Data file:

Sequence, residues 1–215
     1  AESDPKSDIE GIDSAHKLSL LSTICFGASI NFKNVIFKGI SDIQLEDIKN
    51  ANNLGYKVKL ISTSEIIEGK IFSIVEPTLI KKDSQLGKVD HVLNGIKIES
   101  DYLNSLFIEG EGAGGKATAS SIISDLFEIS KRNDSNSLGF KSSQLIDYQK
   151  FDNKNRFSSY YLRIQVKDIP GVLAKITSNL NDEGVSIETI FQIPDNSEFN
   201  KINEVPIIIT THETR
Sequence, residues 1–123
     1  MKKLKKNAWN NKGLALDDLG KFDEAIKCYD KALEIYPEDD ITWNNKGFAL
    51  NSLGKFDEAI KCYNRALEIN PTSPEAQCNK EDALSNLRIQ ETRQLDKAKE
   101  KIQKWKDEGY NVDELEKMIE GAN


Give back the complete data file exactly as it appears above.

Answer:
Sequence, residues 1–215
     1  AESDPKSDIE GIDSAHKLSL LSTICFGASI NFKNVIFKGI SDIQLEDIKN
    51  ANNLGYKVKL ISTSEIIEGK IFSIVEPTLI KKDSQLGKVD HVLNGIKIES
   101  DYLNSLFIEG EGAGGKATAS SIISDLFEIS KRNDSNSLGF KSSQLIDYQK
   151  FDNKNRFSSY YLRIQVKDIP GVLAKITSNL NDEGVSIETI FQIPDNSEFN
   201  KINEVPIIIT THETR
Sequence, residues 1–123
     1  MKKLKKNAWN NKGLALDDLG KFDEAIKCYD KALEIYPEDD ITWNNKGFAL
    51  NSLGKFDEAI KCYNRALEIN PTSPEAQCNK EDALSNLRIQ ETRQLDKAKE
   101  KIQKWKDEGY NVDELEKMIE GAN